Can I add a network hard drive to my Wi-Fi net?
There are two basic ways to add storage to your wireless network, but in either case, it's best to physically locate the drive(s) next to your router and connect them by wires rather than using a wireless adapter. Generally, you needn't put a network drive in a different room, and a wired connection is always faster and more reliable than wireless, especially if you have gigabit-ethernet equipment.
What you are really looking for is access to your network storage over your Wi-Fi net, which you can achieve by connecting any Network Attached Storage (NAS) device to one of your router's ethernet ports. Alternatively, you can buy a device like the Linksys Network Storage Link NSLU2, which connects two USB hard drives to any router via ethernet.
Can I use VoIP over Wi-Fi? What kind of quality will I get?
Voice over IP actually requires comparatively little bandwidth--under 100 kilobits per second per call--whereas network throughput is normally measured in megabytes per second. The problem with VoIP over Wi-Fi is more an issue of priorities: If someone else on the network is downloading large files from the Internet at the same time that you are making a call, choppiness and delays can occur.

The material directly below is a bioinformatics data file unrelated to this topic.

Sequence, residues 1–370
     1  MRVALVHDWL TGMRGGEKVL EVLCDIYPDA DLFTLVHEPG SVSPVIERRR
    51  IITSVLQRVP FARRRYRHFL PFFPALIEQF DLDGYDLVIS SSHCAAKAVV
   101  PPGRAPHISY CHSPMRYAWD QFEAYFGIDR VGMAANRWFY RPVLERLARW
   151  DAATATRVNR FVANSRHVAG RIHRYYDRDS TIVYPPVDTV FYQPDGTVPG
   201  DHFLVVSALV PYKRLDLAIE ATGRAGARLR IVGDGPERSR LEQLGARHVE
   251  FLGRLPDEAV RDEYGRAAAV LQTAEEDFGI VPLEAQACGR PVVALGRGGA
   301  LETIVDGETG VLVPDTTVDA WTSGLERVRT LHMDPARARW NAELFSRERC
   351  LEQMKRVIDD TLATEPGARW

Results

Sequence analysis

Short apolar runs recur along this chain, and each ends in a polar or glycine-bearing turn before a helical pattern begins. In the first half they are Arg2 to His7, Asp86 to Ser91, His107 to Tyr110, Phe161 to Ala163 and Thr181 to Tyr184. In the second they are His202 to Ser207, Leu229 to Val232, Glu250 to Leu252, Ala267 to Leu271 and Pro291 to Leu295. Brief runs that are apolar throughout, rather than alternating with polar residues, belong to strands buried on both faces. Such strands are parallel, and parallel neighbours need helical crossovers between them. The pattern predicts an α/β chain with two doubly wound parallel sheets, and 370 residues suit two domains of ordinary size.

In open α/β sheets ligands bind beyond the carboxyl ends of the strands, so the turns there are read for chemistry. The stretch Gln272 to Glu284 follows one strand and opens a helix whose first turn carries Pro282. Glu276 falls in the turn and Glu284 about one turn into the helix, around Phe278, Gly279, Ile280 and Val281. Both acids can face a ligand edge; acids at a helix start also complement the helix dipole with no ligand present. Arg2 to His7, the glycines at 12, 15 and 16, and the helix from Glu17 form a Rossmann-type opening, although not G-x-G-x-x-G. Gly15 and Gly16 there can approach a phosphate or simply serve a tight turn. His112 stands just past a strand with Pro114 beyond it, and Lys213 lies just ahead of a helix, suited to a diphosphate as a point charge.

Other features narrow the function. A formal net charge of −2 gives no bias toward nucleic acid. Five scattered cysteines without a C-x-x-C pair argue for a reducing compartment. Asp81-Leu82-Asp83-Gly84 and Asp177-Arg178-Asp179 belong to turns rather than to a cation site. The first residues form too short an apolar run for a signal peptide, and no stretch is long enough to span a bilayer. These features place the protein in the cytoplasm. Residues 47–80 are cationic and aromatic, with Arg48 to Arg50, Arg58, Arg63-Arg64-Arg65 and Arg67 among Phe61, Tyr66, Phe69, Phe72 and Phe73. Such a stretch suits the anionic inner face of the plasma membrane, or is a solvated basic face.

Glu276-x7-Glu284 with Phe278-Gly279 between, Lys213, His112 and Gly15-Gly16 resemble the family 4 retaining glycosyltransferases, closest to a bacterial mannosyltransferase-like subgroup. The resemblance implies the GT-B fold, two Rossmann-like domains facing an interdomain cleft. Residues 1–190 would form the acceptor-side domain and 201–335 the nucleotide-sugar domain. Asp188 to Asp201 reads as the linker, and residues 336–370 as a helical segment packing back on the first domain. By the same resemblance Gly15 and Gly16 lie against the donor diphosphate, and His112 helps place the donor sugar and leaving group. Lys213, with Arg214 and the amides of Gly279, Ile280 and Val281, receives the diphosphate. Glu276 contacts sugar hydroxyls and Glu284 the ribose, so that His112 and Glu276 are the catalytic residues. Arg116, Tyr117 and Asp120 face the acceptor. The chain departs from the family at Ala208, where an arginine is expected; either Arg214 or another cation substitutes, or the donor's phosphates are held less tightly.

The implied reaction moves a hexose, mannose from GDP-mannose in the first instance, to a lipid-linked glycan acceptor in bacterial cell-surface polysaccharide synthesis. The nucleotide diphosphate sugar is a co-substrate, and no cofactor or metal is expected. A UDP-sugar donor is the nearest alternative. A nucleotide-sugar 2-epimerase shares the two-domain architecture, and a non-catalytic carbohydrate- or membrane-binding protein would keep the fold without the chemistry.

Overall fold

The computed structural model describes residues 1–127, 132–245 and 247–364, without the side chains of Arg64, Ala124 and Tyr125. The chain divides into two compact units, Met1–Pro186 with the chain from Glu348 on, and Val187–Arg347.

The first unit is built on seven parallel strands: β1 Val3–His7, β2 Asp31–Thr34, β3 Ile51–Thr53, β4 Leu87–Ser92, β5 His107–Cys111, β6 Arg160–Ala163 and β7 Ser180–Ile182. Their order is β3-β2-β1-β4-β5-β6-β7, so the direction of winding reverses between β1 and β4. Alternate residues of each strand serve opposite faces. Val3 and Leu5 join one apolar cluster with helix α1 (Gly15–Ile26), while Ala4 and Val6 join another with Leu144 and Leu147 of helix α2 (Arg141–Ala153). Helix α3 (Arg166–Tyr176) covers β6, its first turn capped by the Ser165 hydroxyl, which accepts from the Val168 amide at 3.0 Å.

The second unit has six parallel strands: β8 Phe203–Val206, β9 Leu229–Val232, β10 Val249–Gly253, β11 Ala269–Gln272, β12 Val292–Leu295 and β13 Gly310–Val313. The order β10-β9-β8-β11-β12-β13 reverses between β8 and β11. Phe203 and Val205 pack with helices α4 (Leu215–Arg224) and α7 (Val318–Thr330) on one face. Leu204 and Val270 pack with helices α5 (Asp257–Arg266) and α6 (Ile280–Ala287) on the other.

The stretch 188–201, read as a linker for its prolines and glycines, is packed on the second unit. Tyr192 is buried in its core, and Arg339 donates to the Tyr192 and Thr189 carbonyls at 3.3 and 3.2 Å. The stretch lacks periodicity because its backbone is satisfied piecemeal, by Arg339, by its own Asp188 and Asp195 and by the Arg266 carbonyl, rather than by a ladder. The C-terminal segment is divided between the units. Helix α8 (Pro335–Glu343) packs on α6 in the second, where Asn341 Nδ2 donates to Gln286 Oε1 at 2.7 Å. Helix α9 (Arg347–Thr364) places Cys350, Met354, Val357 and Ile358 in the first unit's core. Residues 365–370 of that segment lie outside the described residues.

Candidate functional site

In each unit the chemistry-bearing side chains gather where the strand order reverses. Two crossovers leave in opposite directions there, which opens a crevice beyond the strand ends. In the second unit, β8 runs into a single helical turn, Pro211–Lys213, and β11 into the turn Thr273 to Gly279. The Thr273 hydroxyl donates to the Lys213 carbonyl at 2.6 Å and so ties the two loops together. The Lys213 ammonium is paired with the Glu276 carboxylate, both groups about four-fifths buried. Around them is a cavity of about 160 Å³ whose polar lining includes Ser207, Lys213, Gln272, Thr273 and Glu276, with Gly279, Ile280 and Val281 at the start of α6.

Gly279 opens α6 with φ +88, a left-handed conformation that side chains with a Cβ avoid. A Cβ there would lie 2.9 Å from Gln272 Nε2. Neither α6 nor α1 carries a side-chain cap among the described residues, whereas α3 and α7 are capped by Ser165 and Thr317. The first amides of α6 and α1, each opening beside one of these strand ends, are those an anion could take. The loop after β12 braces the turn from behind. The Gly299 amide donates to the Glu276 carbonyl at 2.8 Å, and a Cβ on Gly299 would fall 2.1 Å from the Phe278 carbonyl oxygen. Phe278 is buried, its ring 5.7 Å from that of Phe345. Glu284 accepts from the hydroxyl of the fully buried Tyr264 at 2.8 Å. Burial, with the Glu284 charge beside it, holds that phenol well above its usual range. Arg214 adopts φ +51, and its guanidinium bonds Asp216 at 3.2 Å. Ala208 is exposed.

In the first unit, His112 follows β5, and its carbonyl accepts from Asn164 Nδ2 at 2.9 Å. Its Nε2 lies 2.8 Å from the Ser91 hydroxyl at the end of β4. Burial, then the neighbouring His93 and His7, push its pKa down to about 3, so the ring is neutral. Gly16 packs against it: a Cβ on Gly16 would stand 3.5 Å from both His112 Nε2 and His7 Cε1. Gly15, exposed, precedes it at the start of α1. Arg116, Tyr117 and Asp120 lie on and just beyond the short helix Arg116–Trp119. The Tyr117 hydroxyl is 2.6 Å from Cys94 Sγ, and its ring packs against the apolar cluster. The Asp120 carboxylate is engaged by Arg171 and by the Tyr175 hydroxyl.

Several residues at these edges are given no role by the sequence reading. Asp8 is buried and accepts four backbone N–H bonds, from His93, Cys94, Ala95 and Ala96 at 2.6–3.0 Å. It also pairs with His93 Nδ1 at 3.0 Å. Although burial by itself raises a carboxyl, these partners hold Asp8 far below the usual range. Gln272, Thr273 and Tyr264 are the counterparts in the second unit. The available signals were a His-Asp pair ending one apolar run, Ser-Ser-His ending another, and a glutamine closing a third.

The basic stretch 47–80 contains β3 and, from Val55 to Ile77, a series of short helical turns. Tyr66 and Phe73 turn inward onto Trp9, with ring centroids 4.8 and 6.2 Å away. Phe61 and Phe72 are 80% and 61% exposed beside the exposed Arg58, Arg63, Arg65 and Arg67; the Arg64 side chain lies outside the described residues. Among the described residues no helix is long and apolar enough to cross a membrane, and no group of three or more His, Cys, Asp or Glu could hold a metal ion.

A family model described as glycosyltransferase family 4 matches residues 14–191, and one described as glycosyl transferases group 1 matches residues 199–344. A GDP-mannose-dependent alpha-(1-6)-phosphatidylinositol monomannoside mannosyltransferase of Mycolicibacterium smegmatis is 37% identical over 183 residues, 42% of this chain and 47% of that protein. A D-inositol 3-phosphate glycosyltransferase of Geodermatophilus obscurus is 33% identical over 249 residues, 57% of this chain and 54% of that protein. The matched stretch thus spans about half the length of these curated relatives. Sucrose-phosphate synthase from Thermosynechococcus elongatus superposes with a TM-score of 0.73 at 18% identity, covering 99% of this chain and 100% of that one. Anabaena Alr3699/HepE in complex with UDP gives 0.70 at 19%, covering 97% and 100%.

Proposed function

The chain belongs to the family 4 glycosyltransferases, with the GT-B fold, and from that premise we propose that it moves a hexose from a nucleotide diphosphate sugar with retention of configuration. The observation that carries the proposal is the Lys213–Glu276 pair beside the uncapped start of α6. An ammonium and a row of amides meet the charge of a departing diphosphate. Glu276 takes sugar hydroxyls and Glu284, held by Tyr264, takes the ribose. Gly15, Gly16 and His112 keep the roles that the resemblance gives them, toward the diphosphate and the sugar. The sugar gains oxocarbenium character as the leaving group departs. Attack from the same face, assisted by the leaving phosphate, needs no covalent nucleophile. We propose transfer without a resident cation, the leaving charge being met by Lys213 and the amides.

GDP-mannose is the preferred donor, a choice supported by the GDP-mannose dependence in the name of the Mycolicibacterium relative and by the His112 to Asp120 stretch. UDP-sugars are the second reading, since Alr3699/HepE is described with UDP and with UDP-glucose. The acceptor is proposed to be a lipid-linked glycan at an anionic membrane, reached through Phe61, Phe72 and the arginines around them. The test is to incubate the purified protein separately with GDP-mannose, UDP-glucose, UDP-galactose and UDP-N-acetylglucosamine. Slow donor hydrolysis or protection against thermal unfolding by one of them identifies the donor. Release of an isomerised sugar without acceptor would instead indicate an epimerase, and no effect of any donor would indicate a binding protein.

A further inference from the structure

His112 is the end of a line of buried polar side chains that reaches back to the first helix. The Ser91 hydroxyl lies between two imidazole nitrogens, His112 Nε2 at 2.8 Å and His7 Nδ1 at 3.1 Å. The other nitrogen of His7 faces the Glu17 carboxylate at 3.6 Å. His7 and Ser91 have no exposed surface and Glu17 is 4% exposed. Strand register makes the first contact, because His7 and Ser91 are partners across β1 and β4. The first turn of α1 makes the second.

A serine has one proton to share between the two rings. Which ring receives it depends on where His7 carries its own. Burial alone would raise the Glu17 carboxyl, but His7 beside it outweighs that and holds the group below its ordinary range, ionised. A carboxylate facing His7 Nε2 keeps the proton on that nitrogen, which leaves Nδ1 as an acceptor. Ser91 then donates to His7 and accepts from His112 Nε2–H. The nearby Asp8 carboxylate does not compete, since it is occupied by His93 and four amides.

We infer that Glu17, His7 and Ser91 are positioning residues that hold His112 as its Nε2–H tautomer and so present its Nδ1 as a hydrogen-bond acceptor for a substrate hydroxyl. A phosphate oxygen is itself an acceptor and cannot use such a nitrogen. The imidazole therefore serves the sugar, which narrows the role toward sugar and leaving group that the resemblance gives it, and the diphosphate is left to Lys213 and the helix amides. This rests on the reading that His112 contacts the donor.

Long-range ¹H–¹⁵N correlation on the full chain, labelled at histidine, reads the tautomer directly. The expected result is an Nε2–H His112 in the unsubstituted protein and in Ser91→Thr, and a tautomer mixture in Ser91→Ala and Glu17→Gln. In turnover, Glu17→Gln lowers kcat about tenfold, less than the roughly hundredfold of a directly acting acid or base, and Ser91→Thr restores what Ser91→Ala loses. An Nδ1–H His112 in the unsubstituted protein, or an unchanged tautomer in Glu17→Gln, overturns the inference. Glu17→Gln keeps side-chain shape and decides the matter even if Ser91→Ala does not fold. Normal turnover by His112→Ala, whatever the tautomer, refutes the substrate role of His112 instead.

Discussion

Although the faster your router is, the fewer problems you should have using VoIP, most late-model wireless routers also incorporate a technology called 802.11e, or QoS (quality of service), that prioritizes streaming data ahead of regular data transfers. Be sure to get matching adapters that also support QoS, however.
How do I stream audio and video from one room to another via Wi-Fi?
Any audio or video that you can stream over a wired net, you can also stream via Wi-Fi. You just need to be sure that your Wi-Fi equipment's pipes are broad and fast enough to handle the data. For high-quality video, you'll probably need either 802.11e or a vendor's proprietary implementation of QoS enabled in both your router and adapters.
To stream your media, you'll also need some kind of streaming server, such as a Windows Media Center PC; an NAS drive with software like the open source SlimServer; or one of the many dedicated wireless streaming-media consoles, such as the D-Link MediaLounge Wireless HD Media Player or Roku SoundBridge M1001. See "Get More Out of Your Wireless Network" for more on wireless streaming.